Escuela Las Morochas, Ciudad Ojeda, on the Northeastern shore of Lake Maracaibo Venezuela.
A boy from T&T named Marcel asked me if I knew how to "flip the bird". I didn't.
But even way back then, I hated ignorance, especially in myself. I sighed, put down Barbie and Ken, looked him straight in the eye, and truthfully answered "maybe" (I doubted he meant flipping an actual bird over on its back, but on the off chance he did I was fairly confident I could roll a feathered friend over if you laid it down in front of me).
Thus began my introduction to blasphemous signs. We sat there for quite a while as he explained the variations in technique, ranging from the plain old 'fist closed with middle finger sticking straight up', to the more complex and artistic technique of closing one's fist, with ring and index finger bent at the first knuckle, middle finger raised. The latter obviously required a lot more flexibility, technique and practice. I worked hard that day, determined to get it down pat. I am nothing if not a perfectionist.
What he didn't tell me was that the sign would be considered highly offensive by some. Eight-year-old boys suck that way.
So, being the naive 7-year-old that I was, I skipped into the house that afternoon and proudly proceeded to artistically flip the bird to my mother. Not with the left hand. Not with the right hand. With BOTH hands. Over and over and over and over....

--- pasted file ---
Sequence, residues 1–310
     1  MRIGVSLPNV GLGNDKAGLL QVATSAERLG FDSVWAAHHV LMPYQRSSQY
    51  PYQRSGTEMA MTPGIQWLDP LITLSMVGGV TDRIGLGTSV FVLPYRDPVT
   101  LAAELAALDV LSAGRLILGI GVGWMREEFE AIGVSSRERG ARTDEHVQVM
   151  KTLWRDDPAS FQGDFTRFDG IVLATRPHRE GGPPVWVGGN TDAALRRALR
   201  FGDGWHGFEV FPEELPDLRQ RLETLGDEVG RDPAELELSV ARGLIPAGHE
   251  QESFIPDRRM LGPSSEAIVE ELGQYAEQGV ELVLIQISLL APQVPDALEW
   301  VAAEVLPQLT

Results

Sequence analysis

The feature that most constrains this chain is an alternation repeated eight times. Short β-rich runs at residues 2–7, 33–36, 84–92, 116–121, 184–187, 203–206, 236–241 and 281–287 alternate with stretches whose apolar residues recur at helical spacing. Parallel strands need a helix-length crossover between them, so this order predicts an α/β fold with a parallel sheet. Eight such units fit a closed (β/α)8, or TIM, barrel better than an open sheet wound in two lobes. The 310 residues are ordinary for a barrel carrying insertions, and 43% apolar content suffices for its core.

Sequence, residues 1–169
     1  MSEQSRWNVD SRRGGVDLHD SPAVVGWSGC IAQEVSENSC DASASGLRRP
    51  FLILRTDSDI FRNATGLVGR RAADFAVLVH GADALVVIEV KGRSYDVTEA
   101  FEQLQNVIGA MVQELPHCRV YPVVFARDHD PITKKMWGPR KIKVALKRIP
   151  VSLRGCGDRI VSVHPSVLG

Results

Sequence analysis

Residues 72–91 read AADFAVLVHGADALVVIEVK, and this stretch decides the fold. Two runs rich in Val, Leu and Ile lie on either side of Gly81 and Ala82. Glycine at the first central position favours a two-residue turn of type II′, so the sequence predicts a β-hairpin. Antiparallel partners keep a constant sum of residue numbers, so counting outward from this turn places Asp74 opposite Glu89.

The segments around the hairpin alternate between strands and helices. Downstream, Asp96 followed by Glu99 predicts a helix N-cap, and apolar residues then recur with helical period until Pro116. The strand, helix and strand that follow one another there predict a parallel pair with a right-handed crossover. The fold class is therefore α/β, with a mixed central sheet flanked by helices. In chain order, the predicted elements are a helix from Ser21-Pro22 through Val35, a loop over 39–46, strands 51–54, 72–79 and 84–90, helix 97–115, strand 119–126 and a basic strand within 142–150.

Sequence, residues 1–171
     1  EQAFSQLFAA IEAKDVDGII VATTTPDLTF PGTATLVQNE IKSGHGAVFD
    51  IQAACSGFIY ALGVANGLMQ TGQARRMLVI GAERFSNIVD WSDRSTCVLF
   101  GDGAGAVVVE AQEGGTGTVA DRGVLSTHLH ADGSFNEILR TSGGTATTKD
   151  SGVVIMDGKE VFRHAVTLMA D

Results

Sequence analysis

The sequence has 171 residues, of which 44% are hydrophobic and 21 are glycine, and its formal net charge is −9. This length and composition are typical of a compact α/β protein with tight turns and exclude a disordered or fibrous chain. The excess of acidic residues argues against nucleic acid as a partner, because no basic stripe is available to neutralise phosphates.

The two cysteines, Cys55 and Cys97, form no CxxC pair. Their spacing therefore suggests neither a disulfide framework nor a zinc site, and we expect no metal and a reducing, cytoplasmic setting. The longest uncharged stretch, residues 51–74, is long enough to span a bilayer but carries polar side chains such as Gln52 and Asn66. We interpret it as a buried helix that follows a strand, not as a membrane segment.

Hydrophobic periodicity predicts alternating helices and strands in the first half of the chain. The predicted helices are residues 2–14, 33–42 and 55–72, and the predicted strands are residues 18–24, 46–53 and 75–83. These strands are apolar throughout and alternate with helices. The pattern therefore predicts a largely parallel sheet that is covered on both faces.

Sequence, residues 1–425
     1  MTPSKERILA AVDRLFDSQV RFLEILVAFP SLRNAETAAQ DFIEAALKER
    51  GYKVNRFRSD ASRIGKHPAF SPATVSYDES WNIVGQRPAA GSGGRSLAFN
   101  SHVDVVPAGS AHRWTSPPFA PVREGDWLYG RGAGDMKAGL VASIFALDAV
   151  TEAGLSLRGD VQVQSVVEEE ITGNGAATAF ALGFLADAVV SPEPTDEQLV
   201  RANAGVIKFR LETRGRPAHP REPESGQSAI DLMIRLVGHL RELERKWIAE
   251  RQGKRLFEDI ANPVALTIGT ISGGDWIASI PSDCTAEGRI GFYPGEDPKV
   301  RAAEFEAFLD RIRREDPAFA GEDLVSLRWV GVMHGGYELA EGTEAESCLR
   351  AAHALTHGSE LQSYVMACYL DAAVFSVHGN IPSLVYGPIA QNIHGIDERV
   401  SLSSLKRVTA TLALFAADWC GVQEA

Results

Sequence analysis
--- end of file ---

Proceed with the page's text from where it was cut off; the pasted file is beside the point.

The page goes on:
This did not go down well.
If I remember correctly, Marcel's parents and my parents got together and gave us both a very public and humiliating lesson on how NOT to become a moronic, useless, daft, ignorant member of society. Insulting hand gestures being at the top of the list.
I've learned other such insulting gestures since, including the chin flick, the corna (fist with pinkie and index finger extended), the forearm jerk and the "talk to the hand", but always refrained from indulging (it's been hard ... I am French Canadian ... we 'talk' with our hands). But that "talking to" in 1977 beat rude hand gestures out of me.
Realizing that day that I remained ignorant despite having learned something new was a lifelong lesson.
Or so I thought.
Upon moving to Qatar, we were briefed on a few things considered unacceptable, and were made aware of some of these things via online forums, blogs and local info magazines. We knew not to show the soles of our feet, not to proffer the left hand, not to photograph locals, not to use profanity, and not to flip the bird. We respected all of these and thought we had it down pat.
But the July 12, 2013 edition of the Gulf Times made it clear that we still have a lot to learn. Apparently, every time I 'high-five' someone, signal 'ok' by making an 'o' with my index and thumb, or give a 'thumbs up', I risk offending someone.
That's cool. I get it. Different cultures, different perspectives, different perceptions. As I get older I realize my parents were right about most things.
Now I just have to re-program my communication practices and learn how to sit on my fingers while holding down a conversation.
I admit I'm a bit worried about slipping up. You know, when the conversation gets heated, or things get exciting, and you just spontaneously break into a "high five"!
In the meantime, Smilin' Vic has suggested I order a pair of these on e-Bay ....
He just might be on to something ....